I know I’m guilty of this. My business sometimes feels like my baby—a physical extension of my being. If I’m not careful, I can dedicate every waking minute to this project. But that’s not healthy. I have to remind myself that I need to hone my “outside of work” identity too…My identity as a friend, a mentor, a girlfriend, a poet, a lover of travel, a yoga enthusiast, a dog owner, a budding fiction writer, a lover of food, a daughter, a sister, an aunt, a student, an avid reader, and so much more.
My father has discovered new worlds of adventure in his retirement and, I believe, new aspects of his personality as well. He’ll always be a pilot. But these days, he doesn’t fly. He’s way to busy for that!!!
Take your work seriously and be good at it.
The last line of my father’s professional bio reads: “He has attained over 15,000 hours operating high performance jets in over 35 years of accident/incident free flying.”
Now that’s someone who takes his work seriously and is damn good at what he does. Sure, there’s an element of luck in there too. Pilots who experience accidents and incidents aren’t necessarily “bad” at what they do. But this is someone who has dedicated a significant portion of his life to becoming a master at his craft.
Author Malcolm Gladwell posits that it takes 10,000 hours of practice at something to become an expert. My father is, without a doubt, an expert at flying planes. And he taught me that there is great joy to be had in this kind of discipline and focus. Taking your work seriously doesn’t mean it can’t be fun too. But you have to put in the time and energy needed to actually become good at it. That part isn’t always fun and it certainly isn’t always easy.
No matter what your job entails, take pride in what you do and how you do it. Hone your skills. Strive for excellence. Become a master at your craft.
In honor of Mother’s Day, I wanted to share just a taste of the wisdom my mom has imparted on me over the years. Of course, I could fill an entire book (or series of books) on life lessons from mom, but in an effort to stay on topic, I’ve gathered a few of my favorite tidbits for you here and related them to the subject of career development. Enjoy!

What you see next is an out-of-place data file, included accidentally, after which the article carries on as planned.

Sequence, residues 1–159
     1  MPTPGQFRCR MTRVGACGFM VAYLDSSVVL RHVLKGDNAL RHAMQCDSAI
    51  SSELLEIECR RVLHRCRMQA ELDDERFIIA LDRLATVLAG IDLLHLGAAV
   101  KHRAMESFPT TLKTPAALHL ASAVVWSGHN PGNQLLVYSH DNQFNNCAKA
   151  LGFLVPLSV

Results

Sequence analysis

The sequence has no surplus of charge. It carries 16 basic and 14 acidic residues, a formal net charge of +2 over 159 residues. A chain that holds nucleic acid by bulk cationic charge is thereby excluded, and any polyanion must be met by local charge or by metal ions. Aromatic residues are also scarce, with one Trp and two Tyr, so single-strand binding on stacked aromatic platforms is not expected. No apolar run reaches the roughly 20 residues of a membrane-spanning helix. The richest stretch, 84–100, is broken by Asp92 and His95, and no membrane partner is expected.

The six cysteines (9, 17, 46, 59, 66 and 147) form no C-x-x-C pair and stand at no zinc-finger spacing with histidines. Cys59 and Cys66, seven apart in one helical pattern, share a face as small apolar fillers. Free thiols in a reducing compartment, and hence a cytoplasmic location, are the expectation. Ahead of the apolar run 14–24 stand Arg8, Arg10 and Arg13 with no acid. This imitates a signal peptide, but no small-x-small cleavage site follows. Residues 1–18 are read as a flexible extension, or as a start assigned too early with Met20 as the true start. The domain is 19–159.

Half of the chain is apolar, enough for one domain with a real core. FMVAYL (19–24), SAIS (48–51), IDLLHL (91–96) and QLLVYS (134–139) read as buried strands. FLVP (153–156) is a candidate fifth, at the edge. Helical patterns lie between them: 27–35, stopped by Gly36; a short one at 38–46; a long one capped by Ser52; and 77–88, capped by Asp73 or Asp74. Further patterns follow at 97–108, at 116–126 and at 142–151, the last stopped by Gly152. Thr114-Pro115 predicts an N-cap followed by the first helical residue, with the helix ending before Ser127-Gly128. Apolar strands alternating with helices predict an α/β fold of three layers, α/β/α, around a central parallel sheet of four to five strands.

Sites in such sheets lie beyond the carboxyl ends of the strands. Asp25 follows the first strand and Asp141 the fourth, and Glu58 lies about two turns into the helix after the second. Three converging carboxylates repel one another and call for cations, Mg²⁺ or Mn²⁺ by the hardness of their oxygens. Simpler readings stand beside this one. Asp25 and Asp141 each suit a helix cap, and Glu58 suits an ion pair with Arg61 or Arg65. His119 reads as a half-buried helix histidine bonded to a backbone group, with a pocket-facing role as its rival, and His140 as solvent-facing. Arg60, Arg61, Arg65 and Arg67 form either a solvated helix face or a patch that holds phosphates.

Look for what’s right first.
My mother is the Queen of Optimism. She taught me that focusing on the negative doesn’t solve anything. When facing any situation in life, she is always quick to see what’s working, not what’s broken.
Now, don’t get me wrong. Her rose-colored glasses don’t blind her to reality. She knows there’s plenty of negative crap out there. But you choose the level of energy you give it. She believes it’s far more productive to put your energy into what’s right rather than what’s wrong, and when you do, the good stuff grows bigger and brighter.
Her theory is this: If you want to be happy, it doesn’t just happen. It takes work. You have to look for ways to be happy. You have to find opportunities to see the good in life.
I think anyone who is unhappy at work should heed this advice. That doesn’t mean you should stay somewhere that isn’t working for you or pretend that everything’s great when it’s not, but find something that IS working, even if it’s miniscule. Focus on the good that has come from this experience. Aim your energy toward something positive, no matter how small. You’ll feel better and the situation won’t seem so dark and overwhelming.
Take pride in a job well done.
If you want a job done right, give it to my mom. Whether crafting a lamb out of a stick of butter (yes, she really did that) for Easter brunch or proofreading my latest project, she never misses a detail. Meticulous is an understatement. And this goes for everything she invests her time and energy in—from crafting a beautiful piece of stained glass artwork to knitting a cozy sweater for her favorite grandpuppy (my dog, Ms. Mollie).
What’s even more amazing is that she (gasp!) even seems to enjoy herself!
So, why is she such a hard worker? It’s not for the recognition, I’ll tell you. None of us properly appreciated the time and effort that went into that butter lamb, I’m sure. And it’s not for the money either. She edits my work for free!! And she’s never once charged Mollie for a handmade outfit.
What motivates her to put such care and attention into every project? As far as I can tell, it’s for the pure enjoyment she gets out of doing a good job. That’s what’s called “internal motivation” and it’s the most sustainable energy source there is. When you’re compelled to work hard simply because you get satisfaction from doing so, you have unlimited drive that relies solely on YOU and no one else.